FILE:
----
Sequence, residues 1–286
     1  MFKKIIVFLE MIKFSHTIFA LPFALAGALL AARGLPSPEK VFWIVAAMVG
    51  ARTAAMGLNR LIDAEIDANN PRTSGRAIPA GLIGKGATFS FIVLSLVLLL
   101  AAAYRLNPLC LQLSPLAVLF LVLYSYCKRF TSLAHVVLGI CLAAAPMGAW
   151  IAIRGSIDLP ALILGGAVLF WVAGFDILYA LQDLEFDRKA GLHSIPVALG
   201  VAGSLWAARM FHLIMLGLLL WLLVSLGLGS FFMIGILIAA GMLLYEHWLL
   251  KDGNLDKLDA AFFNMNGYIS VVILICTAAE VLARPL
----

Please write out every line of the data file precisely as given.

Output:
Sequence, residues 1–286
     1  MFKKIIVFLE MIKFSHTIFA LPFALAGALL AARGLPSPEK VFWIVAAMVG
    51  ARTAAMGLNR LIDAEIDANN PRTSGRAIPA GLIGKGATFS FIVLSLVLLL
   101  AAAYRLNPLC LQLSPLAVLF LVLYSYCKRF TSLAHVVLGI CLAAAPMGAW
   151  IAIRGSIDLP ALILGGAVLF WVAGFDILYA LQDLEFDRKA GLHSIPVALG
   201  VAGSLWAARM FHLIMLGLLL WLLVSLGLGS FFMIGILIAA GMLLYEHWLL
   251  KDGNLDKLDA AFFNMNGYIS VVILICTAAE VLARPL